The opinion of the court was delivered by: Hicks, J.
9th Circuit - Goffstown Family Division
The appellant, Rose Marie Wall (Mother), appeals a ruling of the 9th Circuit - Goffstown Family Division (DeVries, J.) dismissing her petition requesting the court to find the appellee, Christian A. Poulin (Father), in contempt of a court order. We reverse and remand.
The record supports the following. The parties divorced in October 1996 and entered into a permanent stipulation, which was incorporated, by reference, into the divorce decree. The stipulation included the following provision, in which the parties agreed to contribute to their two children's college expenses:
The parties agree to contribute to their children's college education to the extent each party is financially able. The actual contributions shall be determined when each child is near college age. A child, entering college, in the first instance, however, shall apply for financial aid or use her own savings for said expense. Both parties shall cooperate in completing any financial aid application.
Their younger daughter was accepted at Southern New Hampshire University. She received a scholarship, as well as a loan covering a portion of the cost for tuition and room and board for the 2011-2012 academic year. The Mother requested that the Father contribute 75% of the remaining costs. The Father responded by offering to pay some amount, but the parties could not agree on the amount and the Father has not yet contributed to the younger daughter's college expenses at all.
The Mother then filed a "Petition to Bring Forward and for Contempt," requesting the court to find the Father in contempt of the college expense provision of the divorce decree, and apparently asking the court to enforce the provision from the parties' stipulation. The Father objected and moved to dismiss, arguing that the petition should be dismissed because "there is no Court order or decree that orders [the Father] to contribute a set percentage or specific dollar amount to" their younger daughter's college expenses. After a hearing on July 18, 2011, the trial court dismissed the Mother's petition because "[t]he provision at issue in the parties' divorce decree lacks specificity." In support of its ruling, the trial court cited In the Matter of Scott & Pierce, 160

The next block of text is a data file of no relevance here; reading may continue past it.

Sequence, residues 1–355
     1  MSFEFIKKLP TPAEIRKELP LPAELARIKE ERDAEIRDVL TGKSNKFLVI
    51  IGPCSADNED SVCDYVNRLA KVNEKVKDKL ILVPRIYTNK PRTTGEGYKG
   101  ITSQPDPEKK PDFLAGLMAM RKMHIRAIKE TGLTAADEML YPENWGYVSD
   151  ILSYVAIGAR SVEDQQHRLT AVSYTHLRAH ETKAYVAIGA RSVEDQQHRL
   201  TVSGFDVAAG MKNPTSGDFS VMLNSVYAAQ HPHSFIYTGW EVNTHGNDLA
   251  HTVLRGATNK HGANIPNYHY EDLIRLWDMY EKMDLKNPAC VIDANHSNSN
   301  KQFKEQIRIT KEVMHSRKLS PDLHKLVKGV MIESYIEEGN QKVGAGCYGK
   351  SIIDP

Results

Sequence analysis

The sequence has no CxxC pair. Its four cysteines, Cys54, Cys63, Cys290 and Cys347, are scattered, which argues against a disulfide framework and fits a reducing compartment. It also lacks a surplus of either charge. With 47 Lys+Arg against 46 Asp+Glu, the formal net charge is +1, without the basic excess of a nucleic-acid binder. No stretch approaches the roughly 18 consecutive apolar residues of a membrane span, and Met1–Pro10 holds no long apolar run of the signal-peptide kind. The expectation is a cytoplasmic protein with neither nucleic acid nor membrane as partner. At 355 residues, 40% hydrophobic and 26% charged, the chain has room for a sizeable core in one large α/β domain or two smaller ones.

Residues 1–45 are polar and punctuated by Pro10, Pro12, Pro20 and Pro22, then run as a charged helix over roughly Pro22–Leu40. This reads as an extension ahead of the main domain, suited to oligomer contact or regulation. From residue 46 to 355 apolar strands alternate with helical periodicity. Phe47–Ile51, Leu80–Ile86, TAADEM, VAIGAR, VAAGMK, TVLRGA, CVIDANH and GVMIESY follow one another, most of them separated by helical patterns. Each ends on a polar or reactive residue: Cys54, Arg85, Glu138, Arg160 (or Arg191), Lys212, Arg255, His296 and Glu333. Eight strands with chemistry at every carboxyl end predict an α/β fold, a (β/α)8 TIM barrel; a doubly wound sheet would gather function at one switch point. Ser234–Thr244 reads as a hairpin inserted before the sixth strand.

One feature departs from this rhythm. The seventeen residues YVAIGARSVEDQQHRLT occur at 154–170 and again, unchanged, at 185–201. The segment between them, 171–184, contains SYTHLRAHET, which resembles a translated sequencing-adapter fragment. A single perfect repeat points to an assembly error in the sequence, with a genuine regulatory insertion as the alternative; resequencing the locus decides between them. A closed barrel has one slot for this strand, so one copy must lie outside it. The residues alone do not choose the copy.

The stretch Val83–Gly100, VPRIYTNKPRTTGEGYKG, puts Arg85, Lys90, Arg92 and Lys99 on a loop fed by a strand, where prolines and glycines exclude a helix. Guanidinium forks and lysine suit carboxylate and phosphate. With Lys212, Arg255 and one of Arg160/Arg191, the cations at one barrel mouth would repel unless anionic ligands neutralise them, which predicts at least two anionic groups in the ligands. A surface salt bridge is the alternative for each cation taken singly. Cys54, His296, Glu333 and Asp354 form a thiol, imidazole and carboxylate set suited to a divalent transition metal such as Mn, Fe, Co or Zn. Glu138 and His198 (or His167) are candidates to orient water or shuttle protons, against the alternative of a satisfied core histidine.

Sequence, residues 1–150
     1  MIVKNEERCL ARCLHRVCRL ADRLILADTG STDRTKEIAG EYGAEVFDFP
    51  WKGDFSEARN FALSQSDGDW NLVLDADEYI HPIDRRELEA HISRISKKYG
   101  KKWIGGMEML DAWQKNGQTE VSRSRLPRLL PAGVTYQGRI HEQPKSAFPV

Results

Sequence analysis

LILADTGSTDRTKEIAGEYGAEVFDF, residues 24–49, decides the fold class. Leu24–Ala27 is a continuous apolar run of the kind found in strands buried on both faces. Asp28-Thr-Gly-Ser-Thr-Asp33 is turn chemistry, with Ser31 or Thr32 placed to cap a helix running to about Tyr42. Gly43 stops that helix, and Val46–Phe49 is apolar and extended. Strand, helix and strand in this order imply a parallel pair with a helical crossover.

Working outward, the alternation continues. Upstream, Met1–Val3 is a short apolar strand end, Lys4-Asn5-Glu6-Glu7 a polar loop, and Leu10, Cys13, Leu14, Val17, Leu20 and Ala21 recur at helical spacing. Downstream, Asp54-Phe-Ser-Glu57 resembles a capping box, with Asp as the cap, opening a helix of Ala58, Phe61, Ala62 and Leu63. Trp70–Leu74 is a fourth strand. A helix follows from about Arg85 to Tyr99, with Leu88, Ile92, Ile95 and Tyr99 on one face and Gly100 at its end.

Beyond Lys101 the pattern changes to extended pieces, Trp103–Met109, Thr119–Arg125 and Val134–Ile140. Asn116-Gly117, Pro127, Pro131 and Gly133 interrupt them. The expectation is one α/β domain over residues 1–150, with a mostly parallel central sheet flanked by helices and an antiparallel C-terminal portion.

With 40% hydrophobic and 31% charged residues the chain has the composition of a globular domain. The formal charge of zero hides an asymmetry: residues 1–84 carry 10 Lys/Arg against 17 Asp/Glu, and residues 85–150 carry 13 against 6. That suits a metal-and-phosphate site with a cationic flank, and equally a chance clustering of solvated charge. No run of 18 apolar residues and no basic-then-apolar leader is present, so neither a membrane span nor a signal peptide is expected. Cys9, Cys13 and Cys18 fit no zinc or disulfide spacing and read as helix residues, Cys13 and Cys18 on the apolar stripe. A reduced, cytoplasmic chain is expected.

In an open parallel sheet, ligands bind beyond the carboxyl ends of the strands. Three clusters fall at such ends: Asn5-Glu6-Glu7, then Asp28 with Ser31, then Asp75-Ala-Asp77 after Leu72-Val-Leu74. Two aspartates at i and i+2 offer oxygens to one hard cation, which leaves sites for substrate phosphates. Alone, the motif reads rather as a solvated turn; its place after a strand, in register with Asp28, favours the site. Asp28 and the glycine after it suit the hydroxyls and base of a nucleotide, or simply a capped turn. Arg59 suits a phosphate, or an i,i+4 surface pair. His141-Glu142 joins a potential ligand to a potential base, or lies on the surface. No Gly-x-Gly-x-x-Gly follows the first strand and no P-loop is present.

N.H. 354 (2010). This appeal followed.
"The court's powers in custody, maintenance, and education of children in divorce and separation cases are conferred entirely by statute." In the Matter of Johnson & Johnson, 158 N.H. 555, 558 (2009) (quotation omitted). We afford broad discretion to the trial court in divorce matters, and will not disturb the trial court's rulings regarding child support absent an unsustainable exercise of discretion or an error of law. Id.
On appeal, the Mother argues that the trial court erred in ruling "that it did not have the authority to enforce the [college expense] provision in the parties' [divorce decree]" because the provision "clearly provide[s] that each parent [will] contribute to the children's college expenses to the extent each party is financially able after financial aid, scholarships and any children's savings are considered." The Father asserts that our decision in Scott, 160
N.H. at 365-66, set forth a bright line rule of law that "absent a set percentage or specific dollar amount, trial courts cannot issue new orders regarding college expenses."
At the time the parties divorced, the trial court had "'broad discretionary' powers to order divorced parents to contribute to their children's college expenses under RSA 458:17, I (Supp. 2003) and RSA 458:20 (1992)." In the Matter of Donovan & Donovan, 152 N.H. 55, 61 (2005). However, in 2004, the legislature amended RSA 458:17 to provide that "[n]o child support order shall require a parent to contribute to an adult child's college expenses or other educational expenses beyond the completion of high school." RSA 458:17, XI-a (2004) (recodified as RSA 461-A:14, V (Supp. 2011)); see also Donovan, 152 N.H. at 61. Shortly after the 2004 amendment was enacted, we decided that it does not apply retroactively and, therefore, "does not mandate the trial court to vacate [a] provision in [a pre-existing] divorce decree that requires [parents] to contribute to their children's college education." Donovan, 152 N.H. at 62-64. Since then, we have consistently reaffirmed that the amendment does not apply retroactively. See, e.g., Scott, 160 N.H. at 365; In ...